The abrupt closure of brick-and-mortar retail stores as a result of the COVID crisis is having the expected effect of driving consumers to e-commerce—and in particular large marketplaces like Amazon—to fulfill their shopping needs.
A new report from IPG Mediabrands Canada’s Reprise Digital says that e-tail is poised to become a “COVID battleground” for brands, with the fight for awareness and purchase intent expected to be particularly intense on online marketplaces like Amazon.
“Demand isn’t going away, it’s just shifting,” says Kevin Bishop, Reprise’s vice-president of digital performance. “People still need certain products and services, and the way they’re going to get them is through e-retail. If you as a business have been hesitant [to pursue an e-tail strategy], now is the time to stake your claim, because that’s where demand is shifting.”
Some categories continue to experience massive consumer demand during the current crisis, with the video game category seeing purchase levels similar to Black Friday, and the grocery and baking categories surpassing their typical Christmas highs.
And after plunging in the immediate wake of the COVID crisis, so-called “shocked” categories including jewellery, apparel and cosmetics are slowly coming back.
Bishop predicts there will be an “attention boom” on digital channels during the crisis, and says that shopping behaviours acquired at this time will persist long after life returns to normal.
The importance of Amazon
Consumers are seeking stability during a stressful time, says Reprise, and they’re placing trust in large online retailers like Amazon because they believe their scale will ensure they receive items in a timely manner.
“Amazon essentially sets the standard for what people expect when it comes to e-commerce,” says Bishop. “But it’s not necessarily just for purchase—it also performs a very important role when it comes to research and people trying to vet their decisions.
“A prominent presence on Amazon is important,” he adds. “It’s just one tool in the toolbox, but it’s a prominent tool. For a lot of brands that don’t have their own direct-to-consumer apparatus, it’s a big factor in making sure they control the space in which they play.”
While e-commerce customers are more focused on key items like grocery, Reprise says that non-essential brands can become part of those orders by directing the traffic generated by online activity such as Google Ads and social campaigns to those platforms.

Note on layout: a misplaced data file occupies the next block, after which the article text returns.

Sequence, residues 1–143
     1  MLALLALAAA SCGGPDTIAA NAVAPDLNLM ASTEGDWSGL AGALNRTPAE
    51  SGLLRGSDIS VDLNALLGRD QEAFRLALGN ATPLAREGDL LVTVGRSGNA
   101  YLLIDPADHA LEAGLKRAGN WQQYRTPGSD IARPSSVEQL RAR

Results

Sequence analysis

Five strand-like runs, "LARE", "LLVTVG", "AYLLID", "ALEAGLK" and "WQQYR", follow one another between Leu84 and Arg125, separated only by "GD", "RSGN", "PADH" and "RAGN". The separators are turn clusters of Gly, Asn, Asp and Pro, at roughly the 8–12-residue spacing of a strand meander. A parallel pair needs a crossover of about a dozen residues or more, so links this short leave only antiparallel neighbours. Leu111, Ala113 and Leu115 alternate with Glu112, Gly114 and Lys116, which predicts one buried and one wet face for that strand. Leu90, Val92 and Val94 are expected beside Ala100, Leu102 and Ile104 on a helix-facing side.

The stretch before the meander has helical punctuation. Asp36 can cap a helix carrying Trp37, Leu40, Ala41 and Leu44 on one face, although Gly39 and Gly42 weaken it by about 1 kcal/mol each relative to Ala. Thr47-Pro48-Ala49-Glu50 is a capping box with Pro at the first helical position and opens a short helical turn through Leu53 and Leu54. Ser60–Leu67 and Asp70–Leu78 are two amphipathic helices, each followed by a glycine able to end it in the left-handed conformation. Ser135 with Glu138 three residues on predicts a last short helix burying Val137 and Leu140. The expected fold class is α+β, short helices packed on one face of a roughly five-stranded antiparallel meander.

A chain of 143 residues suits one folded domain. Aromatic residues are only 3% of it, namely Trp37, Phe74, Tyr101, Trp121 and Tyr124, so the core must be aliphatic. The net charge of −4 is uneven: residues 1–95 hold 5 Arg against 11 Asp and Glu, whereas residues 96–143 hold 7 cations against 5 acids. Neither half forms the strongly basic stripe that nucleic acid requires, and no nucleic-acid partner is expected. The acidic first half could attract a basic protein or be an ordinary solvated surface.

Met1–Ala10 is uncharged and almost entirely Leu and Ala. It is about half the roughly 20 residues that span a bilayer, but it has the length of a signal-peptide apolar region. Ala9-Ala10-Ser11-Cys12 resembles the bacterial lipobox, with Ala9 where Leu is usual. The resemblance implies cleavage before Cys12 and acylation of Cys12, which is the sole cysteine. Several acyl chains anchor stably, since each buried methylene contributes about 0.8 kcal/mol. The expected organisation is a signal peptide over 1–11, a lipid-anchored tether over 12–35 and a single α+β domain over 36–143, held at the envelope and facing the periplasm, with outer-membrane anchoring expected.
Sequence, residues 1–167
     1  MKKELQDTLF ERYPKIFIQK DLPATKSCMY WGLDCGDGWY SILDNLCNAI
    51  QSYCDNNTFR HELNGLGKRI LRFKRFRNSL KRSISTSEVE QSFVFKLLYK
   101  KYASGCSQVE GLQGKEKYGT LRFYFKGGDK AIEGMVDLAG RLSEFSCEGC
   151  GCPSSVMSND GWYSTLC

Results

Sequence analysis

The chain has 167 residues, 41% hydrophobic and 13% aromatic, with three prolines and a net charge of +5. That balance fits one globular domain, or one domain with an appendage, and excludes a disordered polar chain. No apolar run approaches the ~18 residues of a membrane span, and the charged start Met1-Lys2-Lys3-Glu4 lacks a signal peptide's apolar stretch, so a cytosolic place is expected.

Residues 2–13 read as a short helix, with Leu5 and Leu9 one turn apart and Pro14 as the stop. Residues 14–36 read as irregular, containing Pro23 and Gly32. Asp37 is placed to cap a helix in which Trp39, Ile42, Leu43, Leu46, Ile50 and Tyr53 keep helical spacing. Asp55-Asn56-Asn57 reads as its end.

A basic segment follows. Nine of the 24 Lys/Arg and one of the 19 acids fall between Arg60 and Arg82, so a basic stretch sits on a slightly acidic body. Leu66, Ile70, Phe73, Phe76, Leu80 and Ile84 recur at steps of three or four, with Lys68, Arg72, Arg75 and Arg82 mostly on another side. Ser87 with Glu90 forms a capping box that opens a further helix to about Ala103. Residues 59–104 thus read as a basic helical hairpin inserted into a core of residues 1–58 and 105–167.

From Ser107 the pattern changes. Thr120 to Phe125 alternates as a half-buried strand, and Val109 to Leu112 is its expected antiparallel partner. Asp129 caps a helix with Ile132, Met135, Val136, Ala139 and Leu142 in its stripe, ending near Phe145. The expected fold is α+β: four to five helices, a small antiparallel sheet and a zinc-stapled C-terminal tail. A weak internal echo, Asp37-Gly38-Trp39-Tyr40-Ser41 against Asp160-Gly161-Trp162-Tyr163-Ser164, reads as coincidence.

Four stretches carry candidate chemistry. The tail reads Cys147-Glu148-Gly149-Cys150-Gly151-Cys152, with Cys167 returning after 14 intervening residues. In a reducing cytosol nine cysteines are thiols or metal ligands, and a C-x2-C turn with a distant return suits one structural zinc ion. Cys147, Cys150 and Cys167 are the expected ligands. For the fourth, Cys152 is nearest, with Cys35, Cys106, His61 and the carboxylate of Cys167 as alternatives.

Lessons from SARS
While e-commerce was not as fully developed as it is now, Reprise says that the early 2000s SARS outbreak provides some lessons for brands on how to counter the negative impact of the COVID crisis.
Online and offline integration is key, says Reprise. In China, SARS led to a significant increase in online-to-offline platforms—such as click-and-collect—that were better able to supply increased customer demand. Reprise expects an uptick in similar solutions to appear in the wake of COVID, pointing to Estée Lauder ramping up activity around its online consultation service and in-store booking function.
Reprise says that brands should also supplement short-term plan with a long-term strategy. Alibaba, for example, introduced the online shopping site Taobao during SARS, which “significantly changed” the e-commerce giant (sales on Taobao exceeded three trillion yuan in 2019).
Reprise says that brands also need to prepare for a post-pandemic surge, saying they should have promotions ready to address increased demand. “Successfully navigating a social and economic crisis like this can be a springboard for a lucrative periods that follow,” says Reprise.
Don’t Go Dark
Brands have a natural inclination to pull back on advertising spend whenever a major crisis arises, but Bishop cautions that consumers are continuing to spend or planning their future spending. “If [brands] move out of the space, that’s going to allow their competitors to gobble up business demand,” he says.
This is particularly true of challenger brands, says Reprise. They are evaluating category and competitor keywords, and moving quickly when they find a gap that they can fill efficiently, doubling and even tripling marketing budgets. This is giving them a foothold as stuck-at-home customers are discovering and purchasing these brands.
“There’s going to be a lot more consumer trial,” says Bishop. “People are going to be forced to try things, and they’re going to make a decision on what works for them. Canadians will be open to new possibilities.”
Move spend to digital
Generating foot traffic is less important at the moment, which means that brands should direct spend to where customers are gathering, evaluating, and searching, says the Reprise study.
It’s imperative for brands to maintain their branded SEM to prevent competitors from owning their sponsored ad placements. “It is equally important to maintain a strong presence in category terms, to keep a strong defence against feisty, nimble challengers.”
But while saying that increasing spend is a “critical” tactic, Reprise says that brands can also attain gains by redeploying sales efforts to new channels in both the business-to-consumer and business-to-business segments.
This proved to be a key tactic in China, says Reprise, noting that when the cosmetics company Lin Quingxuan was forced to close 40% of its retail stores, it redeployed its more than 100 beauty advisors to become online influencers who used digital tools like WeChat to engage consumers digitally. As a result, its sales in Wuhan alone were up 200% over the prior year’s sales.